I have a question for all my fellow (wannabe) chefs/ home cooks/ food experimenters out there, have you ever asked yourself what is it about cooking that brings you so much joy? For me, I have never had one clear answer, until now, until I baked this Apple Cake for my friends a few days ago…
What is so special about this Apple Cake, you ask? It looks to be just a simple teacake with fresh apple slices, flavoured with vanilla and a little cinnamon! Actually what this cake has achieved is to convert a apple-hating friend of mine to realize how tasty they can be!
What is it about cooking that brings me so much joy? It is the ability to introduce others to new or perceived-to-be unpleasant ingredients in a way that is delicious and to hopefully convert them from haters to lovers! The reaction of surprise and delight from my friend upon tasting this cake was priceless and certainly a moment I will remember for years to come.
(Note: I have doubled the recipe to fit my ring cake mold and an extra sliced apple for the up-side-down cake effect as shown in my photo)
- oil and flour for prepping the pan
- 1 cup all-purpose flour
- 1 tsp baking powder
- 1 tsp teaspoon baking soda
- 1/4 tsp tsp ground cinnamon
- 1/2 tsp salt
- 2 large eggs
- 1/3 cup soft brown sugar
- 1/3 cup white sugar
- 1/2 cup fresh apple puree
- 2 tbsp vegetable oil
- 1 tsp vanilla extract
- 1 apple , peeled, cored and thinly sliced
- Apricot jam, for glazing
- Pre-heat oven to 180 degrees Celsius. Oil and flour a 9-inch round cake pan and line with baking paper.
- In a small bowl, whisk together the flour, baking powder, baking soda, cinnamon and salt. In a large bowl, whisk together the eggs, sugar, applesauce, oil and vanilla extract. Stir in sliced apple.
- Stir flour mixture into apple mixture until just blended. Turn into the prepared pan and spread evenly.
- Bake for 25 minutes or until toothpick inserted in center comes out clean.
- Leave the cake to cool in pan on a wire rack for 5 minutes. Invert on the wire rack to cool completely.
- Melt some apricot jam in the microwave and glaze the top of the cake with the melted jam with a spoon or pastry brush.
On a grey, rainy day what I crave is a slice of warm, moist loaf cake fresh out of the oven with a hot cup of tea, all curled up with a novel (or a cookbook) on my plushy sofa!
The mashed kumara (sweet potato) keeps this cake wonderfully soft and moist, whilst the top is crunchy and nutty thanks to a toasty sesame-seeded crust! You will feel great knowing that both kumara and sesame seeds are natural Superfoods packed with nutrients (such as vitamin C, vitamin B6, vitamin B1,vitamin B2, manganese, copper, potassium, niacin, phosphorus, calcium, magnesium, iron, zinc, selenium, and dietary fiber) to nourish your body!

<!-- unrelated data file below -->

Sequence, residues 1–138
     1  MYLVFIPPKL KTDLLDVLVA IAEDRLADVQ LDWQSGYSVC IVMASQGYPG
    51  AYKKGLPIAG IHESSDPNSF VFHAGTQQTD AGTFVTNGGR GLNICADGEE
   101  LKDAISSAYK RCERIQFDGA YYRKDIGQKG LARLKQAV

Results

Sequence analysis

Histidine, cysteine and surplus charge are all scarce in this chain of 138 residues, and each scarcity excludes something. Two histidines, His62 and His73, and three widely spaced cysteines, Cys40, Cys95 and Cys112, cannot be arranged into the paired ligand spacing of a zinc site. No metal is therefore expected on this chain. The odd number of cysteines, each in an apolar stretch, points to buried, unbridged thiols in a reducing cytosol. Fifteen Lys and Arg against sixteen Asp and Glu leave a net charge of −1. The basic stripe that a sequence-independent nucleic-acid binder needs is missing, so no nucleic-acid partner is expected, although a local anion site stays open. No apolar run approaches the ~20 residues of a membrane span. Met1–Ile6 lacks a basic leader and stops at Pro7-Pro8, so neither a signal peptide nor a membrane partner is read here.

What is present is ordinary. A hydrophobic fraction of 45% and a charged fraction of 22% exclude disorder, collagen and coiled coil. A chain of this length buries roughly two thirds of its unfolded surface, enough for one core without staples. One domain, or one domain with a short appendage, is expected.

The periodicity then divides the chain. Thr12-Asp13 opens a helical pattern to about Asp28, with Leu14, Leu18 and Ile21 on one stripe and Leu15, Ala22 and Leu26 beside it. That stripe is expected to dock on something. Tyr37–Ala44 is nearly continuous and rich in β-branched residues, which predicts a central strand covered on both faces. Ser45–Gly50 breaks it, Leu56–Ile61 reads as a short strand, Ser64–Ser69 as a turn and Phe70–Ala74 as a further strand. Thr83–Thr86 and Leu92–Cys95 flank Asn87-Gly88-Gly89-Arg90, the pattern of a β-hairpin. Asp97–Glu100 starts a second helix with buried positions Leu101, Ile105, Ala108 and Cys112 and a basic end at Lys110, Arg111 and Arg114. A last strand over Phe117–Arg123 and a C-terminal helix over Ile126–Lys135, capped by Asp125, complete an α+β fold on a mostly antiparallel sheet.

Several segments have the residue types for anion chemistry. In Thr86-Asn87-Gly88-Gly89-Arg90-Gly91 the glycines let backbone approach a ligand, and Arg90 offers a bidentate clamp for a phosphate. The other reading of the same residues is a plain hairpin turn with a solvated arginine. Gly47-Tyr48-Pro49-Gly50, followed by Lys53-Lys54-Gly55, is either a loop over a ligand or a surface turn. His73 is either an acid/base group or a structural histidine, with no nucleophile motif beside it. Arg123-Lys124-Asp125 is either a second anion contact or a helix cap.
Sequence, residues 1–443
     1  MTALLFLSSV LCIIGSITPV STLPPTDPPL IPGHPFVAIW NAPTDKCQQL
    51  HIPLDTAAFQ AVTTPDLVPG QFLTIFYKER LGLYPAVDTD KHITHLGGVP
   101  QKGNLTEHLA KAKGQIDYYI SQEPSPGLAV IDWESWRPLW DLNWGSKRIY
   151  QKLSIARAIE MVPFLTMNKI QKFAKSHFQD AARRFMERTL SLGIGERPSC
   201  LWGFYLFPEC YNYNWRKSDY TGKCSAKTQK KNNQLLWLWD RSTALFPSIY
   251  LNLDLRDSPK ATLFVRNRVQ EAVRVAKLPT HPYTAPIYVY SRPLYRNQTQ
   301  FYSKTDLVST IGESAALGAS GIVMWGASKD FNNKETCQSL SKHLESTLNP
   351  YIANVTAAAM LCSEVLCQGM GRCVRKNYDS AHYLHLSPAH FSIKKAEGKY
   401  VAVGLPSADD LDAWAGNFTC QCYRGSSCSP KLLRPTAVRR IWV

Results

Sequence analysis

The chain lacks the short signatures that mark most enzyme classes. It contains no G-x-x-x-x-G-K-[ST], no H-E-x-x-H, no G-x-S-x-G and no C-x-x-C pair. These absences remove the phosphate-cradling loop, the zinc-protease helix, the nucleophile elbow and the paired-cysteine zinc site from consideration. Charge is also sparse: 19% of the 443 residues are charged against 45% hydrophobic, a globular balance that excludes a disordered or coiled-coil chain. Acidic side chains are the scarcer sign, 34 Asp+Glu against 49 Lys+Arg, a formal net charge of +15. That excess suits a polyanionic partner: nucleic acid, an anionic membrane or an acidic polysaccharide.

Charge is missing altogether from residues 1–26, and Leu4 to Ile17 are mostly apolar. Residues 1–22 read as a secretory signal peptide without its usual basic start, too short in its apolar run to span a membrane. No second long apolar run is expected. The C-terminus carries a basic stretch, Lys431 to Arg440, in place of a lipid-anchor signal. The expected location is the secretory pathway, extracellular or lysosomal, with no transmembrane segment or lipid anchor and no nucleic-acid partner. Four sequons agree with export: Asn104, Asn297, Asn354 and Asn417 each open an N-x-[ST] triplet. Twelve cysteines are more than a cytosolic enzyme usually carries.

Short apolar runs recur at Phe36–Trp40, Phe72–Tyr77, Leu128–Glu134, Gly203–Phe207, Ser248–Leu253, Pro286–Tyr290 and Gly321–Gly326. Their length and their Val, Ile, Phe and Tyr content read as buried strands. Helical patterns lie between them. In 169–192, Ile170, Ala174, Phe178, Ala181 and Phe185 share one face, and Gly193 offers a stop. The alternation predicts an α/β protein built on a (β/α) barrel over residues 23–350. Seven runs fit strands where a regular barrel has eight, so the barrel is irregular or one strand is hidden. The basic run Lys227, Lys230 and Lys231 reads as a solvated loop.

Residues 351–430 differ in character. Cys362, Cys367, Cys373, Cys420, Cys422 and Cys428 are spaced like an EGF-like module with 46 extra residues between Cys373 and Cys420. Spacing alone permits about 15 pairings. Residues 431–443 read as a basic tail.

Now, I think it’s time for a second slice…
Here’s a tart that your vegetarian/gluten-free/ low-carb/paleo/ vege-loving friends can enjoy! What’s the secret? It’s the crust that is made using processed cauliflower, pressed into a tart mold and baked until crisp!
Originally I was going to name this the “Caramelized Onion, Roasted Mushroom, Capsicum and Tomato Cauliflower ‘Pastry’ Tart”, but this was obviously too long and I didn’t want you falling asleep before you even start to read this post!
Let me just say that this is one amazingly delicious tart packed full of flavour. There is a thick layer of sweet, soft caramelized onion with strips of roasted capsicum, Portobello mushrooms sautéed with minced garlic and roasted cherry tomatoes sitting atop. The cauliflower crust is thin and crispy with a hint of thyme, garlic and cracked pepper. For the finishing touch- fragrant basil leaves from the garden are scattered over the tart as it comes fresh out of the oven!
I have always wondered how Asian bakeries create the characteristic soft and fluffy yet chewy and springy bread loaves that are so addictively delicious! So when I found this recipe, I couldn’t wait to get started to make my own fresh loaf- perfect for breakfast or afternoon tea!
The reason behind naming the loaf “65°C” is because it uses the “tangzhong” method where a roux made of 1 part bread flour to 5 parts water cooked to 65°C is added into the dough. This roux helps to the dough to absorb more moisture to produce softer, fluffier and higher-risen bread.
It is recommended by the recipe that you use a bread machine to knead the dough, as it is a very wet mixture. If you decide, like me, to knead the dough with your hands- be warned that it will be extremely sticky and wet! I actually thought that my batch would fail (and that my arms would fall off) as it was nearly impossible to knead. Thankfully after proofing, the dough came out right again.
Read more: http://en.christinesrecipes.com/2010/03/japanese-style-bacon-and-cheese-bread.html#ixzz2rONZ1wYo
A new take on the ordinary fried egg. Light and refreshing, the use of konbu tsuyu (light seaweed-infused soy sauce), dried bonito flakes and shichimi togarashi (7-spice powder) provide a delicious Japanese twist. Make this dish for a special breakfast or brunch for the ones you love (or just for yourself)!
- 1 large egg
- salt and white pepper
- 1 medium tomato, cut into eighths
- 1 handful of dried bonito flakes
- 1 handful of seasoned seaweed, cut into strips
- some thinly sliced spring onion
- shichimi toragashi, to taste
- knobu tsuyu, to taste
- sweet chili sauce, to taste
- In a small non-stick frying pan (16cm in diameter), pan-fry the egg until done to your liking over medium heat. Lightly season with salt and white pepper. Remove from heat.
- Arrange tomato pieces on top of the egg.
- Mound bonito flakes in the center and scatter over seaweed strips and sliced spring onion.
- Sprinkle over shichimi torigashi, konbu tsuyu and sweet chili sauce.